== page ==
Author Kathleen Blee Discusses the Role of Women in White Supremacist Groups
BLEE: If you look at these groups, they are uniformly anti-gay. But if you talk to members, their opinions on gay and lesbian issues are more diverse.
One woman who was distributing really vicious antigay pamphlets told me, "I don't agree that gays deserve AIDS, deserve to die, but that's what [my group] says."
In the same way, if you look at the propaganda, most groups are very anti-abortion. But if you talk to women in these groups, they are not necessarily anti-abortion.
Some of them have had abortions. A Klanswoman told me, "I think it's a perfectly private thing. ... It should never be part of a political platform."
A lot of these groups put out propaganda about how women should bear lots of children to save the white race.
But many women told me that that's ridiculous, they aren't planning to do that. Most are not living in economic circumstances where they want to have eight kids. The men say this is great for the white race, but the women tell me privately, "Forget it!"
Some of the women even have friends in the, quote, enemy races. Almost a third of the women I spoke to, in fact, told me about mixed-race or homosexual family members with whom they were on friendly terms.
I think this is important not because I want to suggest that members are in any way better or more moral than the groups they're in, but because it may be valuable information for thinking about how we pull people out.
These people are often ambivalent about the beliefs they espouse in public.
IR: Please expand on the ramifications of your study for pulling women out of these groups. What do you mean specifically?
BLEE: Almost every woman that I interviewed had a significant tie to somebody on the outside, and often that was a tie that she kept secret from others in the group, even her boyfriend or husband. Typically, that tie might be to a sister or a friend, including people who found the women's racist attitudes horrible.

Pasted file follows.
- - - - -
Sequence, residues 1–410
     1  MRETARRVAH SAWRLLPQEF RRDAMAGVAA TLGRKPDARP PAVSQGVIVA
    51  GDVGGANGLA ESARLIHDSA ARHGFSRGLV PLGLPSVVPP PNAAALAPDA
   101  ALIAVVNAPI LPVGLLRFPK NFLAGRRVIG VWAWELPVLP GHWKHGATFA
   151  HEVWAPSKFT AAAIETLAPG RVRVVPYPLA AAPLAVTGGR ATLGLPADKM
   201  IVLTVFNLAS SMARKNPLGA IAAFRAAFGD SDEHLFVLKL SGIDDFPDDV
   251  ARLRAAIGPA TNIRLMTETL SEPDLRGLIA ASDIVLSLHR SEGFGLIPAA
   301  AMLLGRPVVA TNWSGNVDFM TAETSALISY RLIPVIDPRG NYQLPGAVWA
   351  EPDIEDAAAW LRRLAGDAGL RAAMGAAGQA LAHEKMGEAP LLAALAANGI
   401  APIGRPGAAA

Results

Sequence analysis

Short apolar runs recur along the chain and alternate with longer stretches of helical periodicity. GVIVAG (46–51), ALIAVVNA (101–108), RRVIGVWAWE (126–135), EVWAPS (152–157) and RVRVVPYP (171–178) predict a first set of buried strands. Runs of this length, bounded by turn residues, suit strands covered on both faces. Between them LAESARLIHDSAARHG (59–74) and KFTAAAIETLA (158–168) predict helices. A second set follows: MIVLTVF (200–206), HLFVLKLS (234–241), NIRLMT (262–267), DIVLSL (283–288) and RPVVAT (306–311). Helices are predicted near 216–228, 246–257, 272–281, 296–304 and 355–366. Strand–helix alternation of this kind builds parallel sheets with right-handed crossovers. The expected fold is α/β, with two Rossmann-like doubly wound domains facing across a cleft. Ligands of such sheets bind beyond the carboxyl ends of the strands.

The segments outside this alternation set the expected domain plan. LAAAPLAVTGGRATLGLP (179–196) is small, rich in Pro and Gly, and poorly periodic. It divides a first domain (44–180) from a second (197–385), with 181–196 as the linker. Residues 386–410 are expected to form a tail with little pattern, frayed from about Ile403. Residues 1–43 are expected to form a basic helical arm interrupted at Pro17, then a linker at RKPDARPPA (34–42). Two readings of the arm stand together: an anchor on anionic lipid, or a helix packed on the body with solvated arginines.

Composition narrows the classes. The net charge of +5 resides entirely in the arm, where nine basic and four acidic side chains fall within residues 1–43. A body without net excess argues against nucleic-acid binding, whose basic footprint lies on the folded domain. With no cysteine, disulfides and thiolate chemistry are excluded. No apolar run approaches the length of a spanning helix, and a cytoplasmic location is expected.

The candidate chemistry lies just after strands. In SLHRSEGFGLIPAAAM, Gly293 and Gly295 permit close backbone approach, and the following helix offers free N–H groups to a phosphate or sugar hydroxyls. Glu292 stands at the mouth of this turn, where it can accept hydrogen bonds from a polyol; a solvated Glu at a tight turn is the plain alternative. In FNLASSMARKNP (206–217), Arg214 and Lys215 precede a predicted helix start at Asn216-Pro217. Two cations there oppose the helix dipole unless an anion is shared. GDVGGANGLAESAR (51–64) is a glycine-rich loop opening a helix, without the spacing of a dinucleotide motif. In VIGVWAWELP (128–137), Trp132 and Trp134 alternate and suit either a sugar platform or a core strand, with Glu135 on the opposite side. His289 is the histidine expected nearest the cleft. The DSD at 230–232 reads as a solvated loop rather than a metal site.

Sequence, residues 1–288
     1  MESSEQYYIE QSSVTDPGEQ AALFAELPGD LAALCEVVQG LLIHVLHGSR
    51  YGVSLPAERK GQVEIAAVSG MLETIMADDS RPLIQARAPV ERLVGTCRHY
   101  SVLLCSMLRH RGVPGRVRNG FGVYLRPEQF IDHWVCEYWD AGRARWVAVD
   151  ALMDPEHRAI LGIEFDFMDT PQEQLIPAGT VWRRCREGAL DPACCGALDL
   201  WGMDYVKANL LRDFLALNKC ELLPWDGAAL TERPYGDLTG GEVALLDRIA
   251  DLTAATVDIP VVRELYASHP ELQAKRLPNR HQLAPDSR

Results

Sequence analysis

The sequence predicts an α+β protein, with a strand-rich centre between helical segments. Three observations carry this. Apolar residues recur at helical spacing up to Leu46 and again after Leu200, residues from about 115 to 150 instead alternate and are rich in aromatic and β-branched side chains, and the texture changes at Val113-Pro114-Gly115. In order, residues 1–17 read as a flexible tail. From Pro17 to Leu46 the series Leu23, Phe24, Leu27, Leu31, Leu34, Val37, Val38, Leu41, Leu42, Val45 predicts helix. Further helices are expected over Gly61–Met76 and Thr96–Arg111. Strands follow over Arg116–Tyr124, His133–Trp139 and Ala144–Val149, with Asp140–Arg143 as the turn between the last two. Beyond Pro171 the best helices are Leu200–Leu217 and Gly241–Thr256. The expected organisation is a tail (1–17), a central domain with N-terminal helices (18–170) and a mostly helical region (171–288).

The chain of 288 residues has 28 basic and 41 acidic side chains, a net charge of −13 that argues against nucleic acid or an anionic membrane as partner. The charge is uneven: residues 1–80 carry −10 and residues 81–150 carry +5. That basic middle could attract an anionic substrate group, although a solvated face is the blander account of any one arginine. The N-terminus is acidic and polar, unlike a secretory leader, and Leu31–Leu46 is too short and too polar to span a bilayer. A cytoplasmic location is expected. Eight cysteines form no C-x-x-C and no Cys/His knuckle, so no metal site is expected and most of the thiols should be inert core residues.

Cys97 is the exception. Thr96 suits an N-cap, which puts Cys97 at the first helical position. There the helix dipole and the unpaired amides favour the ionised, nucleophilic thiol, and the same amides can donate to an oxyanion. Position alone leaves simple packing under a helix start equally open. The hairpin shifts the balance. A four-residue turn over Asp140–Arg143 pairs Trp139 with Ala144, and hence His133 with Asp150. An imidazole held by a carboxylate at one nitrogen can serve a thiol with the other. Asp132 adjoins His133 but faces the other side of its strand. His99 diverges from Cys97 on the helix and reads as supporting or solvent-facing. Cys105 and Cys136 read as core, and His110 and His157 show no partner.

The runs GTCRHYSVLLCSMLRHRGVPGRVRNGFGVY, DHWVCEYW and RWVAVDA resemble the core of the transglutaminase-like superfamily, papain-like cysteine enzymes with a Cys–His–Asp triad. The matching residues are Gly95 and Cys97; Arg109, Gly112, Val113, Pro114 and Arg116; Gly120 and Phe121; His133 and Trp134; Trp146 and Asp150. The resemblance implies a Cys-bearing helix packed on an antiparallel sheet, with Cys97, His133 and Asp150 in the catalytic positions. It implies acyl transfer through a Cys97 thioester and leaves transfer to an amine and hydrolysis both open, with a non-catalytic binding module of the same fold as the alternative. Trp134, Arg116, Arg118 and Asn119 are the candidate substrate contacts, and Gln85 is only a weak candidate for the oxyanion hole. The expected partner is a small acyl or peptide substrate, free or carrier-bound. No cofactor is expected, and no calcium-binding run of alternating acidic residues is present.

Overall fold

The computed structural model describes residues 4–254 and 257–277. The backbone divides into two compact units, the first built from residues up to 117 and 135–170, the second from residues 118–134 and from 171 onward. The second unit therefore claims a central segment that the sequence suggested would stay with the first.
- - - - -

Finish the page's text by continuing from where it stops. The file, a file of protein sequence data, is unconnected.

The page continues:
And if it's the case that people come into racist groups largely because of ties they have to people who are in them, then it's also the case that people come out of racist groups, or see the possibility of coming out, because of ties they have to people on the outside.
We know, for example, that women who are able to leave domestic violence situations are those who typically have ties to the outside, who are not completely isolated.
And because the racism of the women who join these groups is not well formed early on, it's easier to reach people with a counter-message early in their time in the groups. Once they develop this hard-core, conspiratorial belief system, it's much harder to break in.
White power Skinheads are the most extreme case of this. These are kids who act on extremely shallow and shallowly held ideas.
So even if they are willing to do some terrible things based on those beliefs, an alternative set of beliefs, attached to an attractive set of friends or an attractive partying situation, can be just the pull that brings people out of Skinhead groups.
IR: Do you think the same is true for men?
BLEE: Men are more insular. They have more to gain from these groups — the possibility of fame, money, bravado. There's more payoff for men who hold to the party line. I don't think they have one foot out the door the way women do.
IR: Not only are there more women in racist groups today, but many are involved in creating their own culture, home-schooling their children, exchanging information about how to raise proper Aryan children and so on. Do you see any particular danger in these ostensibly mundane activities?
BLEE: There are two dangers. For one thing, they are trying to create some kind of intergenerational racist counter culture, a self-sustaining, long-term racist world that is parallel to the mainstream world. That's a scary ambition, although I don't think it's being particularly fulfilled anywhere. They are trying to create the embryo of a racist society within the existing one.
The other scary aspect of this is that some of these activities, because they seem so normal, can provide a bridge to recruit other women who would otherwise never come into contact with racist activists.
Classes in herbal medicine, home schooling, are appealing — they present the racist movement as part of everyday life. Here are mothers and kids learning geography — that doesn't seem quite as scary to potential recruits as hearing about race war.
I interviewed a number of women who came into contact with the movement through one or another of those kinds of mechanisms.
One, for instance, went to a biblical home birthing seminar and got to know the people. Months went by with no mention of race — it seemed to be a bunch of women talking about the Bible. Gradually, they told her more, and the conversion process began.
That's a pretty effective way to recruit people, compared to standing on a street corner saying, "Join the American Nazi Party."
That's how women can be really effective, as opposed to a bunch of bedraggled Klan guys standing in a courthouse square surrounded by 10 times as many antiracist demonstrators. That's probably the worst way you can recruit. Women provide an air of normalcy.